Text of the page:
While far from an obvious choice to helm a documentary about the allure of the San Diego Comic Convention, humorist shit disturber Morgan Spurlock does a better than admirable job of capturing the spirit of the summertime dork juggernaut while never once looking down upon or ever poking fun at the people involved. In his latest film, the somewhat awkwardly titled Comic-Con Episode IV: A Fan’s Hope, the Super Size Me and Greatest Movie Ever Sold director doesn’t even appear on screen. Instead, he allows the lives, hopes, and criticisms of several convention goers tell their stories for themselves. It’s an unabashed love letter to people willing to stand in line for hours for several brief moments of happiness.
Spurlock follows a handful of con attendees as they navigate the waters of the 2010 nerd mecca. There’s a pair of aspiring comic artists (one a bartender and the other a soldier with a family), a group of Mass Effect 2 cosplayers and costume designers looking to knock ‘em dead at the annual masquerade, an older gentleman trying to peddle his once-great comic collection to an increasingly apathetic crowd, a toy collector who literally sprints to get his one big must-have item, and a boy looking to propose to his year-long girlfriend at Kevin Smith’s panel. Interspersed with these threads are interviews with such nerdy luminaries as Joss Whedon, Seth Rogen, Todd McFarlane, Robert Kirkman, Grant Morrison, and Guillermo del Toro (who gets one of the film’s biggest laughs because of how he seemingly wants to make Hellboy creator Mike Mignola jealous of his comic collection).
Unlike his more critical films, Spurlock does away with any smirking cynicism or overt satire. Through these stories, he gives a giant hug to the types of people who toast to Harvey Pekar over shots of Jagermeister or know the value of a Red Raven #1. At the same time, despite aiming at a core demographic, he also has to appease viewers who have no clue what any of this means and only know the convention because of the hype it has gotten in recent years.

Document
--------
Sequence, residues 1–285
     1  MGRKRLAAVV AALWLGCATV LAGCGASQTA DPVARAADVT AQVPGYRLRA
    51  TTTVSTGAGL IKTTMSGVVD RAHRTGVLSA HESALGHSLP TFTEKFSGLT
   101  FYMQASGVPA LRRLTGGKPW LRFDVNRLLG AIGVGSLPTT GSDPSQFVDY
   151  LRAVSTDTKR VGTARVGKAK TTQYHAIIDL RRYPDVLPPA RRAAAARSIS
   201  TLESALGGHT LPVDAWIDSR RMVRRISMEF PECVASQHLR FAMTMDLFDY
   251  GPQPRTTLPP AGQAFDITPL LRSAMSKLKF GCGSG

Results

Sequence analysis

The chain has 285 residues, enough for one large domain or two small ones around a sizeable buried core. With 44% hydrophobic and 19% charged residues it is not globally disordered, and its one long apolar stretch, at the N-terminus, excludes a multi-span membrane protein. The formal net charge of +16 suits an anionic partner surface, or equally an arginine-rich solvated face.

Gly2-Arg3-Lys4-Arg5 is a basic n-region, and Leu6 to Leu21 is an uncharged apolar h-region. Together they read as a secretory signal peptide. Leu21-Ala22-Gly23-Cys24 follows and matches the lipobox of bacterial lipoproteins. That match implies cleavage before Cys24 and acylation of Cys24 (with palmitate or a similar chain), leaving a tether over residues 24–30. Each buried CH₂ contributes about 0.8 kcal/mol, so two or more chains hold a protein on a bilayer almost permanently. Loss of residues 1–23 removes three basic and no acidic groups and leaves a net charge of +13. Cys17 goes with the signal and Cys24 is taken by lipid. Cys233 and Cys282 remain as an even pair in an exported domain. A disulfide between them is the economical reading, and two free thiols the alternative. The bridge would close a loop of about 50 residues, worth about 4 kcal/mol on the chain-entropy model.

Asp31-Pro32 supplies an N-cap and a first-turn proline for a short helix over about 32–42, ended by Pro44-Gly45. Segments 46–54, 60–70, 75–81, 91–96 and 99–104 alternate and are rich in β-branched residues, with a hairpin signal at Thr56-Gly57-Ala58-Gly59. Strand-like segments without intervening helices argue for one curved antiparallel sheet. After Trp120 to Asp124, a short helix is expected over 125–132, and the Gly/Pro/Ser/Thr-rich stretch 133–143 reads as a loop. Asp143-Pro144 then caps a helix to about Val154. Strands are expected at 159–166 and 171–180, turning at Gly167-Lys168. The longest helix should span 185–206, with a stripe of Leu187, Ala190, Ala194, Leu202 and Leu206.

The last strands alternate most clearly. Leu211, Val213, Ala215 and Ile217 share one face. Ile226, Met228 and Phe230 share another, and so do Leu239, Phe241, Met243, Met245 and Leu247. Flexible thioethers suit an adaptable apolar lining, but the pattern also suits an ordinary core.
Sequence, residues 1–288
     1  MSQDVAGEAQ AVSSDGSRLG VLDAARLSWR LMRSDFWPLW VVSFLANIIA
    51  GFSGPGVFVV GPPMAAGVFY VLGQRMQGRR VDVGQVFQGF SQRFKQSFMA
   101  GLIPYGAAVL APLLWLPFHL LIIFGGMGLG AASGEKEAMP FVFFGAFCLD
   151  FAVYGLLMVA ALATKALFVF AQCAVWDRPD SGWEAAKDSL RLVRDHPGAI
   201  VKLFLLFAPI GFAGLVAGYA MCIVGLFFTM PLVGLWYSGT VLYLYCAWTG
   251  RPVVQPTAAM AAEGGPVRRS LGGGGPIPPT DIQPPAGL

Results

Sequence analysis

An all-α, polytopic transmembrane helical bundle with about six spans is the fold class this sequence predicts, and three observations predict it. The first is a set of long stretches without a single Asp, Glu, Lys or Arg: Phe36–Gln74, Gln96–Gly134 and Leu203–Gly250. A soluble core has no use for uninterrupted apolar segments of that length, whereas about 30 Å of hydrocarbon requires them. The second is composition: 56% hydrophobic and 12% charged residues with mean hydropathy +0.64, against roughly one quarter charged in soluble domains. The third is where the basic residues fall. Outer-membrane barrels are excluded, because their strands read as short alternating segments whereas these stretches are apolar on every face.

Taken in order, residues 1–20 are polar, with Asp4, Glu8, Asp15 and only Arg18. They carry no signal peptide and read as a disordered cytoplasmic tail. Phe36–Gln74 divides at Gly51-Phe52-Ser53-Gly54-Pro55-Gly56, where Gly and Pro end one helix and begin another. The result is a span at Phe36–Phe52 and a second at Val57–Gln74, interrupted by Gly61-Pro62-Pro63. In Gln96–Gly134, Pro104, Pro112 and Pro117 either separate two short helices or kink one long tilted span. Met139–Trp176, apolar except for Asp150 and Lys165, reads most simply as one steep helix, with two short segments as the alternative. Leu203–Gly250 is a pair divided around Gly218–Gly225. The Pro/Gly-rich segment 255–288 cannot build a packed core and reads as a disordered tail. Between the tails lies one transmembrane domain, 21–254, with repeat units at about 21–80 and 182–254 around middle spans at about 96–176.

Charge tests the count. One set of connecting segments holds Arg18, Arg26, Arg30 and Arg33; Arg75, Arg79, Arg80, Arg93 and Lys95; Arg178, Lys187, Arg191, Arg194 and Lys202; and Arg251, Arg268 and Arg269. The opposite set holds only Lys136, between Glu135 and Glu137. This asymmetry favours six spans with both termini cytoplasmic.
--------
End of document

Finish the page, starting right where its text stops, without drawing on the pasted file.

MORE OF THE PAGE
That’s not to say that the film isn’t critical in any way. The tone of the film seems to suggest that the convention is getting too far away from its 1970 inception when only a shade under 200 people showed up. A critical eye is turned – particularly by the film’s producer and co-writer Whedon in his on-screen interview – to the money that game companies and film studios think they can gain by showcasing their wares. The shift toward a more electronic media based convention gets talked about to a satisfying degree, but the one place where many fans and critics might find the film lacking would be in not having any real in-depth look at how the actual convention is run. Then again, that’s not the point of the film at all.
Spurlock shows real growth as a filmmaker here, following the stories of multiple people the audience wants to see succeed without resorting to any sort of grandstanding. The people being profiled pretty much create their own spotlights regardless of how well they fare by the end of it all. It probably doesn’t hurt that the film comes co-produced by Whedon, Stan Lee, and Harry Knowles, all of whom know this scene far too well, but Spurlock’s take on nerd-vana has a real sweetness to it that’s easy to gravitate to. As with anything involving a somewhat touchy subject, there’s bound to be criticism and push-back from the more ardent members of the community who might just see the whole fluffy affair as just a commercial to go to the convention. But even they can probably tell that Spurlock goes for entertainment over expose here. If anything, they can take heed that he probably won’t make any prequels to this one to tell us where parts one through three went or re-cut the movie several times with added digital effects.